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What is Wireless Internet Access?

By R. Kayne
Updated May 16, 2024
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Wireless Internet access, sometimes referred to as a "hot spot" if it's available to the public, is a local area network (LAN) run by radio waves rather than wires. It is broadcast from a central hub, which is a hard-wired device that actually brings in the Internet connection. The hub, located at the main computer system or server, broadcasts Internet connectivity to clients, which includes basically anyone within receiving range who is equipped with a wireless LAN card and a password to the network, if it's secured.

In the home, a desktop system setup for wireless Internet access will broadcast connectivity throughout the immediate area. Any family member with a laptop or desktop in another room can connect wirelessly to the Internet to share the main connection. Neighbors may also be able to access this wireless connection, which is why most wireless LANs are configured with password security. In this case, any machine that wishes to connect wirelessly must first complete a "handshake" with the LAN, in which the password is requested. If the proper password is not supplied, access is denied. Security protocols have improved with Wi Fi Protected Access (WPA) and Wi Fi Protected Access 2 (WPA2) options.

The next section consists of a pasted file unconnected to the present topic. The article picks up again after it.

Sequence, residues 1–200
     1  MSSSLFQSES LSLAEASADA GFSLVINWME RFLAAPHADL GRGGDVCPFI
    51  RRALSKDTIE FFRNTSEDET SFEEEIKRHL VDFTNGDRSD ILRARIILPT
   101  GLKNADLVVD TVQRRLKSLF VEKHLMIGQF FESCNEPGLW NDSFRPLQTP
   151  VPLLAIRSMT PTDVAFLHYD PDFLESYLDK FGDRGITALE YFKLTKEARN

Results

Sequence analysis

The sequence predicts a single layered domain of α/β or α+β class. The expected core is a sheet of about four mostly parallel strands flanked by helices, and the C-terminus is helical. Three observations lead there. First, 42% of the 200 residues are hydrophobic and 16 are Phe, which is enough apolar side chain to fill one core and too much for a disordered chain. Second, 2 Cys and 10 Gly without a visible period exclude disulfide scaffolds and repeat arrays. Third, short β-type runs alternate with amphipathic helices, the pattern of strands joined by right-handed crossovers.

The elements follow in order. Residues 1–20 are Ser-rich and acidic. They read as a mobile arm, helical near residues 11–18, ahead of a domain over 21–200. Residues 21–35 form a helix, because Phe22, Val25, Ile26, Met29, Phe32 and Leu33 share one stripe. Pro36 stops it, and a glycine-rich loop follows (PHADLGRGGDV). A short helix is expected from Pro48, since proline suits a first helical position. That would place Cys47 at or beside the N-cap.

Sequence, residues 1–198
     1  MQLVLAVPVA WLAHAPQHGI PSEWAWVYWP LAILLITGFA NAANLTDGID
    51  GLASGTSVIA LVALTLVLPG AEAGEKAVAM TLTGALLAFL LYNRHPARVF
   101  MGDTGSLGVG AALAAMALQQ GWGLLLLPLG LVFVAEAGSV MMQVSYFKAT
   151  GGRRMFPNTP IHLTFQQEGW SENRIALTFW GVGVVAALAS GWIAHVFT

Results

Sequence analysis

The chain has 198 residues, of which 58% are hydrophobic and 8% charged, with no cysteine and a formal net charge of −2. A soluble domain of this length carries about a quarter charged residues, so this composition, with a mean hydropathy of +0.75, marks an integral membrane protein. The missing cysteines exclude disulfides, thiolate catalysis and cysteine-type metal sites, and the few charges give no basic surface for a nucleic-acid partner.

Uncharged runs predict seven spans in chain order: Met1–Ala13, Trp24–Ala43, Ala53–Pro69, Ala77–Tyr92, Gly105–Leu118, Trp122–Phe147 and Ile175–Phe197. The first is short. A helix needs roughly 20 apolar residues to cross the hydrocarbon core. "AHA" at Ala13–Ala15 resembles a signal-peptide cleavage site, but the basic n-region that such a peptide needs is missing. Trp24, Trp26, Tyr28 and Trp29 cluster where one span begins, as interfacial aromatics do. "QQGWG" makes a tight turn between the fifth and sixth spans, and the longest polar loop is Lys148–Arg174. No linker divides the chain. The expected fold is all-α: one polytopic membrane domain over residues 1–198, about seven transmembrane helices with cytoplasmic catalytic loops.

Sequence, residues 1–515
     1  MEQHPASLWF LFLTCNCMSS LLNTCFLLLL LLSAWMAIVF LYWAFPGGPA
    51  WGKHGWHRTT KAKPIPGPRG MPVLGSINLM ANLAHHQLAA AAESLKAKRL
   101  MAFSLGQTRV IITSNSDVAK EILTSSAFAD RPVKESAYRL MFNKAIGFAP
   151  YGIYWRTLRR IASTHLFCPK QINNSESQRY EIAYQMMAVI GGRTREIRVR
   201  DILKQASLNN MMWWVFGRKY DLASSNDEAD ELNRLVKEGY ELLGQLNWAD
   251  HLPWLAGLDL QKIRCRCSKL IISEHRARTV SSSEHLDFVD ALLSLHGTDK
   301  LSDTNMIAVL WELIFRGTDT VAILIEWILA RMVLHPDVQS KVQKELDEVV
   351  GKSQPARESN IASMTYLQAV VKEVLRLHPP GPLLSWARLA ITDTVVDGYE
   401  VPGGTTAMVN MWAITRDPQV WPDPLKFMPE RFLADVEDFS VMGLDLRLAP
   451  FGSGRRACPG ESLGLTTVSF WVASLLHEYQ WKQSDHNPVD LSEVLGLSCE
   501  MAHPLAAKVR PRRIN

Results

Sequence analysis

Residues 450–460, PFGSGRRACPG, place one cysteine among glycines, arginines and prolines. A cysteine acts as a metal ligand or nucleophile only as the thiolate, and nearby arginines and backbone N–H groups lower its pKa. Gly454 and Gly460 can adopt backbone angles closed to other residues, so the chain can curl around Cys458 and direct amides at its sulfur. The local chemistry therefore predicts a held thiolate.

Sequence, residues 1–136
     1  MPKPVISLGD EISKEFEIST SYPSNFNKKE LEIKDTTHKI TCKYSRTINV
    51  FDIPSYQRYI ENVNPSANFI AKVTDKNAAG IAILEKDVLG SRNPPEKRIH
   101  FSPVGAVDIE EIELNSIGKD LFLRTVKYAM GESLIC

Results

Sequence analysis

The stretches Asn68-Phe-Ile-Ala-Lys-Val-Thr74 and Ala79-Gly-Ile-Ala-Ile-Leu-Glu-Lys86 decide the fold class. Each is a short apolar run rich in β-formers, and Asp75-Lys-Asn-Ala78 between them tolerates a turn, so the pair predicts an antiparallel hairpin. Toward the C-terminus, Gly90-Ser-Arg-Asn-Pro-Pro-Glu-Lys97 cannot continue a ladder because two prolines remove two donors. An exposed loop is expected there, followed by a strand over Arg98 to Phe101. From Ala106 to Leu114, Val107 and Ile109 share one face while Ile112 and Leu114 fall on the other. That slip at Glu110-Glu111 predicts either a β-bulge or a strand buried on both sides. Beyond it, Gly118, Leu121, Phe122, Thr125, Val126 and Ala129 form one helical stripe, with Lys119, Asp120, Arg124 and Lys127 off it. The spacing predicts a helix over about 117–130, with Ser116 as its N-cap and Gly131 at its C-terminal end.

While wireless Internet access is very convenient in the home, it can be even more so in the workplace. A wired network can be not only very time consuming to install throughout a building, it is also very expensive. Ethernet cables used to connect client machines might need to be routed through walls, ceilings, and floors. In the past, this disadvantage was sometimes overlooked due to the advantages of greater security and faster data transfer speeds through these cables.

These advantages have been largely mitigated, however. Wireless LANs can be installed in virtually minutes by nearly anyone, are extremely inexpensive, and can have data transfer rates that rival hard-wired Ethernet LANs. Furthermore, WPA2 encrypts all traffic on the LAN, addressing the problem of eavesdropping.

One of the most popular applications for wireless Internet access is the public hot spot. Internet cafes are one example of places where one can sit with a laptop and sip coffee while cruising the Internet, checking email, or doing research. Cell phones and personal digital assistants (PDAs) equipped with Web browsers can also use these access points through public hot spots.

Some localities provide free wireless Internet for residents and visitors. Since wireless LANs use radio waves that distort over long distances, the radius of the signal is limited, and the further from the hub, the weaker the signal. Cities that provide access, therefore, will typically cover a specific area within the city where people can park to gain access.